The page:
IMAX CEO Plans to Bring More TV to the Biggest Screens During Slow Film Periods

Richard Gelfond said Marvel/ABC’s “Inhumans” is only the first of several planned projects that will screen TV shows in IMAX theaters

IMAX CEO Richard Gelfond is admittedly reliant on big-budget blockbusters that draw crowds to the company’s immersive mega-screens. But he sees TV as a good source of revenue diversification.

During a session at the Morgan Stanley Technology, Media & Telecom Conference in San Francisco, Gelfond said that IMAX plans to follow “Inhumans,” a Marvel series set to premiere on ABC in late September with its first two episodes playing for a two-week run at IMAX theaters beginning Labor Day, with other offerings to fill parts of the calendar when blockbusters are sparse.

“The important takeaway is this is not a ‘one-off and do this one thing and go back to only showing Hollywood movies.'” Gelfond said. “I think we watch what happened to companies like HBO and Netflix. They distributed Hollywood films, and they created a big enough network where they could use their distribution networks to distribute other things.”

With 1,200 theaters worldwide, Gelfond said IMAX has reached the “critical mass” to take on initiatives like this. However, because IMAX is so reliant on mega-budget blockbusters to drive revenue, the company will only make its screens available to TV projects during times when they are absent from the calendar.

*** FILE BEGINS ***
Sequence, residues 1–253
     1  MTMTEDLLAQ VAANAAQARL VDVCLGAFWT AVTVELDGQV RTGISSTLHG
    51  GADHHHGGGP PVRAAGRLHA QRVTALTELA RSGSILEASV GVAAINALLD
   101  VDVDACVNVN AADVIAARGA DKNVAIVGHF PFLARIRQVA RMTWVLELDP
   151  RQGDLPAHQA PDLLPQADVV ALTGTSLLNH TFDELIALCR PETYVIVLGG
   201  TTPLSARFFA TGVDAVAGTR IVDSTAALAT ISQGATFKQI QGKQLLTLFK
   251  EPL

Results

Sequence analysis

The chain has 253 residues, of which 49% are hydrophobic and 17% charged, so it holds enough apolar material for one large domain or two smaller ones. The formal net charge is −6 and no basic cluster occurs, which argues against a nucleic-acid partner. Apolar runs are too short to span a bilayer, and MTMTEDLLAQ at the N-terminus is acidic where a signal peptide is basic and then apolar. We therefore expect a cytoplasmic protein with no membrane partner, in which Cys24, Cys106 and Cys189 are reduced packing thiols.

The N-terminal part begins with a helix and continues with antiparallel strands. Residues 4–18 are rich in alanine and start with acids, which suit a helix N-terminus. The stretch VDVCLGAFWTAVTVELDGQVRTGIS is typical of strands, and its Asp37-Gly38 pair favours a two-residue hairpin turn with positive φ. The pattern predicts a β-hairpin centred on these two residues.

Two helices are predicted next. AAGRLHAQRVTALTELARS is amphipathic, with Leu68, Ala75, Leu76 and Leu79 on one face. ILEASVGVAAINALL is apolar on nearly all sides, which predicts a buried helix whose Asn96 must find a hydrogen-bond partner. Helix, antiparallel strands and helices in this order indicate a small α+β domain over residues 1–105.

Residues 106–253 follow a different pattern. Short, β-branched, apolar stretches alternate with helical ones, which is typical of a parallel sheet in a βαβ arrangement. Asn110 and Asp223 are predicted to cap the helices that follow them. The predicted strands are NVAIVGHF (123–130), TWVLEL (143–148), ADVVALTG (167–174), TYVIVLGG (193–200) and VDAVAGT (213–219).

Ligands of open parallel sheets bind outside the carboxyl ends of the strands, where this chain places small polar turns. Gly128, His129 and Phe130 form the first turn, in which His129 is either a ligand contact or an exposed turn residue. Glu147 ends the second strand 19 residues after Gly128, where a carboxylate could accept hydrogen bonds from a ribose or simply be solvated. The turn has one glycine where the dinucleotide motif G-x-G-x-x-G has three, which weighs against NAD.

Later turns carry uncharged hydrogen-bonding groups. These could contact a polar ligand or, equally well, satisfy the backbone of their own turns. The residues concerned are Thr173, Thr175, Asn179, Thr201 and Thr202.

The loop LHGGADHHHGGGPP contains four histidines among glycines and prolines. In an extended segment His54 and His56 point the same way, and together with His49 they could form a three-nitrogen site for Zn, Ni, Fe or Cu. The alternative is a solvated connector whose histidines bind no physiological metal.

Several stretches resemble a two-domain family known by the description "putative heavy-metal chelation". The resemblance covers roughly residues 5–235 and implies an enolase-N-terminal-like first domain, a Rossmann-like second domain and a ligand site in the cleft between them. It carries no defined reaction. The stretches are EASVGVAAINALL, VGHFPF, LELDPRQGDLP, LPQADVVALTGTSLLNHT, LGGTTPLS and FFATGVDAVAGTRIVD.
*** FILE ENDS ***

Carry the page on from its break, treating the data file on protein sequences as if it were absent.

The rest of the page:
“We’re only going to do this in shoulder periods,” Gelfond said. “If its time for the summer blockbuster or the next Marvel film — we’re not going to do an original content against (May Disney/Marvel movie) ‘Guardians of the Galaxy 2.'”

Gelfond identified the time around the Super Bowl and September as prime shoulder windows for a future TV project. He also said the economics of an “Inhumans”-type deal, which has dual revenue streams coming from box office sales and the parent network, make it “not really a high-risk content play.”

He acknowledged that the TV economics means there’s an up-front investment with profits realized later, but said the structure of “Inhumans” mitigated that in two ways: there’s theatrical revenue from the two-week IMAX run, and ABC has guaranteed carriage early on.

Still, Gelfond said “Inhumans” was a “tens of millions of dollars-type investment” for IMAX.

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